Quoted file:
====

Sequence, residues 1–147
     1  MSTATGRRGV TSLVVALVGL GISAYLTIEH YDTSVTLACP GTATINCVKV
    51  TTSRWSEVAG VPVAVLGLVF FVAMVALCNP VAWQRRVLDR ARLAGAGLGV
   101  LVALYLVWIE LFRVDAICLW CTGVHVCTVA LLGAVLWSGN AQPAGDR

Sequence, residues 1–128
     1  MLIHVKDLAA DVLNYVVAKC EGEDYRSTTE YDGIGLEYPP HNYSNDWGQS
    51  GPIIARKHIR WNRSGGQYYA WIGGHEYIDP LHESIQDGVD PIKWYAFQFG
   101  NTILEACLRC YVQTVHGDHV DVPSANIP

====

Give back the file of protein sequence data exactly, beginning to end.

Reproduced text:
Sequence, residues 1–147
     1  MSTATGRRGV TSLVVALVGL GISAYLTIEH YDTSVTLACP GTATINCVKV
    51  TTSRWSEVAG VPVAVLGLVF FVAMVALCNP VAWQRRVLDR ARLAGAGLGV
   101  LVALYLVWIE LFRVDAICLW CTGVHVCTVA LLGAVLWSGN AQPAGDR

Sequence, residues 1–128
     1  MLIHVKDLAA DVLNYVVAKC EGEDYRSTTE YDGIGLEYPP HNYSNDWGQS
    51  GPIIARKHIR WNRSGGQYYA WIGGHEYIDP LHESIQDGVD PIKWYAFQFG
   101  NTILEACLRC YVQTVHGDHV DVPSANIP